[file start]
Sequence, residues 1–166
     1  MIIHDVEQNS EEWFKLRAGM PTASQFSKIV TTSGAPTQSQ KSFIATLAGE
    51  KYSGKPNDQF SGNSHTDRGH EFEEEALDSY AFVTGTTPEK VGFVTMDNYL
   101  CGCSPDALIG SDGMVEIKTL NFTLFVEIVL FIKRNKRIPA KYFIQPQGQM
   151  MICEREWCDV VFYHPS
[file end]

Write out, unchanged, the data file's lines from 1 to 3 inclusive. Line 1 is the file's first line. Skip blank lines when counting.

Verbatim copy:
Sequence, residues 1–166
     1  MIIHDVEQNS EEWFKLRAGM PTASQFSKIV TTSGAPTQSQ KSFIATLAGE
    51  KYSGKPNDQF SGNSHTDRGH EFEEEALDSY AFVTGTTPEK VGFVTMDNYL